This week’s Pic of the Week takes us to Kansas City and to this unique landmark, the ASB Bridge. While the city has many unique historic structures to choose from, this one stands out as being the bridge you must absolutely see when bridgehunting, period. The bridge was built in 1911 by a combination of Armour Packing Company, Swift & Company, and Chicago, Burlington and Quincy Railroad. It’s a double-decker bridge featuring an upper deck used for highway traffic and a lower deck used for rail traffic. The most stunning is its vertical lift span of the lower deck, which lifts up towards the bottom of the upper deck. You can see how the span lifts in the video below:
This unique mechanism was part of the design introduced by engineer John Alexander Low Waddell in 1909 and is the only bridge of its kind that has it. While the upper deck has long since been removed with the replacement bridge having been built next to this span in 1986, the bridge is still being used for rail traffic. It is owned by BNSF Railways. The pic was taken during the Historic Bridge Weekend in 2011 where James and I (as well as other pontists) saw the bridge. While we never saw the lift span in action, we were treated to a train crossing the span. Unlike our trains in Germany, American trains are usually 5-10 kilometers long, and one has to wait just as many minutes as with the train’s length because most trains run at a maximum speed of 60 mph (100 mph). It was nevertheless a treat to see the structure in its awe and beauty. While I took many pictures of the bridge, this one was taken by Mr. Baughn, who created a detailed database of the bridge on his website shortly after our conference. You can find it here. In 1996, the remaining part of the ASB was designated by the American Society of Civil Engineers as a National Historic Civil Engineering Landmark. It is elgible for the National Register and it is hoped that this bridge will be added in the near future. With many bridges disappearing in the Kansas City area, this bridge deserves to be kept in its rightful place and deserves to be a tourist attraction.
Here’s a stunning new video that was taken in Russia that presents a new reason for not crossing a fragile bridge with a truck that is double the weight that is allowed. As a bonus, it should never be done during a flood.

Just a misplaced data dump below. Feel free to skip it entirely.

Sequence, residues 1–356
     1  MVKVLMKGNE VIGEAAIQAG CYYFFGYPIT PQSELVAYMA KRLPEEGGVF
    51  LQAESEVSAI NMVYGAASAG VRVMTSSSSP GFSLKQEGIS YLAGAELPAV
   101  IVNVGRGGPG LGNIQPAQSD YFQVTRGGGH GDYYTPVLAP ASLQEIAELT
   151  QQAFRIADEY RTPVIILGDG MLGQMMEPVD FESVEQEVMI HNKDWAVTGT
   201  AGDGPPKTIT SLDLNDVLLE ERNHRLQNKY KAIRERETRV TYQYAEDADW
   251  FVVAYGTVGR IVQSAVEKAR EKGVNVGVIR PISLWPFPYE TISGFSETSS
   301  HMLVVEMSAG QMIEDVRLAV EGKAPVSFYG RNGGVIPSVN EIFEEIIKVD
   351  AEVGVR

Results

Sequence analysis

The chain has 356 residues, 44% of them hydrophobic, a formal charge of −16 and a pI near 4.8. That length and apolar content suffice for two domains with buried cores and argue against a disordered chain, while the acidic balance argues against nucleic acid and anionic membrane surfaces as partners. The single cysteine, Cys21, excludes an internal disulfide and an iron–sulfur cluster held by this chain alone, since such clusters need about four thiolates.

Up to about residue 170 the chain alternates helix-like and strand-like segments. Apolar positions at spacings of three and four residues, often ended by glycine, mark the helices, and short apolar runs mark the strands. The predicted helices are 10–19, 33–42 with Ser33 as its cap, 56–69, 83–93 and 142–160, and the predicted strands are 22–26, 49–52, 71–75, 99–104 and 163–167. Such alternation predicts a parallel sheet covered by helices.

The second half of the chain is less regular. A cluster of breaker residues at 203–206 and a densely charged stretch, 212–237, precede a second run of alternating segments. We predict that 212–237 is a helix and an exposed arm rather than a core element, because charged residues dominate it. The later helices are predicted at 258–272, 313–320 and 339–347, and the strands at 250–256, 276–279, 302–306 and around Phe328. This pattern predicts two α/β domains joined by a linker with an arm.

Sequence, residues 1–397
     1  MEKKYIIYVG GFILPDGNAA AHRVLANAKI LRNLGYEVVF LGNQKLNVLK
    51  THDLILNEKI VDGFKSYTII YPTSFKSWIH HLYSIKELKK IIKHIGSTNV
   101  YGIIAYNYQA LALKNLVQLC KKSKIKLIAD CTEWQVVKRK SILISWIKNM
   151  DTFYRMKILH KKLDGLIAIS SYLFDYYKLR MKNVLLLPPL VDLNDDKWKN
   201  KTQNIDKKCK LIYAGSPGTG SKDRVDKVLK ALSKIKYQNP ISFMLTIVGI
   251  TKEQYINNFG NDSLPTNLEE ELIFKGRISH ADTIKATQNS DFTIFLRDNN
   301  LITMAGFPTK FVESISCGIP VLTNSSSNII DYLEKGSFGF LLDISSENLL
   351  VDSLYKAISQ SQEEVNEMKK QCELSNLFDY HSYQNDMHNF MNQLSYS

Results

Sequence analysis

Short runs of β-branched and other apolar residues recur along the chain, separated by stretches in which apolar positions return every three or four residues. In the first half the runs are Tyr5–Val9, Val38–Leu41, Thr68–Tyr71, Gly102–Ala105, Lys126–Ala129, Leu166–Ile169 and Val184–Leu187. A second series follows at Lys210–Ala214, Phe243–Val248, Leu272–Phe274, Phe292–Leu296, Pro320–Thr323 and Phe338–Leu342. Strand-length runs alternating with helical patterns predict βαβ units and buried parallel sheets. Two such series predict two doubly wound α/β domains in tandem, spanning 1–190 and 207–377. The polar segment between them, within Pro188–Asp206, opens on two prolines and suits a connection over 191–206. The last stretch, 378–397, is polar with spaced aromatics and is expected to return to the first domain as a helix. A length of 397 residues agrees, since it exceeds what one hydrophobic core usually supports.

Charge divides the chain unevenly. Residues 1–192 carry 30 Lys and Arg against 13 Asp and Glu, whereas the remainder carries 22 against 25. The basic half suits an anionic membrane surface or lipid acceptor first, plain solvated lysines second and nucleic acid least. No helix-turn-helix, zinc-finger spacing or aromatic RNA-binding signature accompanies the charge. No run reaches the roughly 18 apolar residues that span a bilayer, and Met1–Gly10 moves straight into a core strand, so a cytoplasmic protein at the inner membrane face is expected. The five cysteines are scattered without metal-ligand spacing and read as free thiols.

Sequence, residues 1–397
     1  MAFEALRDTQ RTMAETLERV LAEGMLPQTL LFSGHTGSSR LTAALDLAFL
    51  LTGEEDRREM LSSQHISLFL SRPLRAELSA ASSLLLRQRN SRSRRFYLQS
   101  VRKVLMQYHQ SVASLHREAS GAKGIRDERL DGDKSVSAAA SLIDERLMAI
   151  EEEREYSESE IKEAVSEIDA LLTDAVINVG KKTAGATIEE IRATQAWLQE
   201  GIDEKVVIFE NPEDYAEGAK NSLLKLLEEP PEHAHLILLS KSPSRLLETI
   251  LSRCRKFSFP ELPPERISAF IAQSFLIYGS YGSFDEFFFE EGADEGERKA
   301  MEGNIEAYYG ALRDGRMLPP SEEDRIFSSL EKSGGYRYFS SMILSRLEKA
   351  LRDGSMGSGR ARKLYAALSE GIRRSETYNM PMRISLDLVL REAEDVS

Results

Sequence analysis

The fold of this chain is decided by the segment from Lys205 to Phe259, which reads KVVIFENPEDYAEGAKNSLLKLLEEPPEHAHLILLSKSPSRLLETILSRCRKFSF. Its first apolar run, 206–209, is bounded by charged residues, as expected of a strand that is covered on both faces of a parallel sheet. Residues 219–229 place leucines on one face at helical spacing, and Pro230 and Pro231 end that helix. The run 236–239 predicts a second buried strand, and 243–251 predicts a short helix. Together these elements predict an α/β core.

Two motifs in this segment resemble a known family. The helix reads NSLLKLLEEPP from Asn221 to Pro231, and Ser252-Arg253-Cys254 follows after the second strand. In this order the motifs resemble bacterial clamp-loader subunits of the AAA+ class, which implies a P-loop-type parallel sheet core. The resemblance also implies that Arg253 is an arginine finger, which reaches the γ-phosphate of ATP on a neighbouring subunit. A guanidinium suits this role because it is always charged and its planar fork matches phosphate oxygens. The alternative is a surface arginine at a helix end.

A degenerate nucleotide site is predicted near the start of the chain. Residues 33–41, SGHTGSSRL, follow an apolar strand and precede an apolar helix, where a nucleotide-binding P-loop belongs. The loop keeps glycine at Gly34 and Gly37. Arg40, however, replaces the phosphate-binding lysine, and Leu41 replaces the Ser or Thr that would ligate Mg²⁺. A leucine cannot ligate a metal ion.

Talk about one boneheaded story! 😮🚚 I bet the driver who survived this mishap will be telling stories about this to his last breath on his last day on Earth. I hope he provides a lesson on the law of gravity and mother nature. 😉
Note: Clip courtesy of NBC News, a subsidiary of NBC/Universal
Google Maps thinks this bridge is called the Walter Dale Bridge, but they are wrong. It is named after the nearby neighbourhood called Walterdale and it, in turn, is named after John Walter who was among the early settlers here. He operated a ferry across the North Saskatchewan River at this location. The original bridge, […]
Edmonton’s High Level Bridge takes traffic southbound on 109 Street. It is an unusual bridge because cars and small trucks use the lower level, not the top. The upper level is reserved for the Edmonton Radial Railway Society‘s historic streetcars. image via CTV News image via AAA.com One of these days, I want to take […]
July 14, 1897 In West Africa, a road bridge in what is now the Republic of Senegal was officially opened. (At the time of the bridge’s debut, Senegal was a colonial territory of France.) This bridge, which was built across the Senegal River to connect the island and town of Saint-Louis with the mainland, replaced […]
The Old Savage Mill, Savage, Maryland The Historic U.S. Route 1 is the first and oldest route in the United States of America. It runs north and south through the eastern section with the northern terminus is in Fort Know, Maine, and the southern terminus in Key West, Florida. (It is the most southern U.S. […]
. When it’s a beautiful summer evening in Maine? You head to the coast for dinner… and since we hadn’t been there in a few years, we drove to Cooks Lobster and Ale House. In order to get to the Island where it’s located, you drive over the world famous Cribstone Bridge. . . Why […]
The Osborne County Hall of Fame Honors celebrates the Osborne County Sesquicentennial Year of 2021, marking the first 150 years of the county's existence. The "Honors" will present, recognize, and appreciate the various aspects of Osborne County, Kansas heritage and culture both past and present in a different manner than its parent organization, the Osborne County Hall of Fame. The series of lists that comprise the "Honors" will be revealed throughout the year on this site and via other social media. All Individuals already enshrined in the Osborne County Hall of Fame are excluded from the "Honors". Happy 150th Birthday, Osborne County!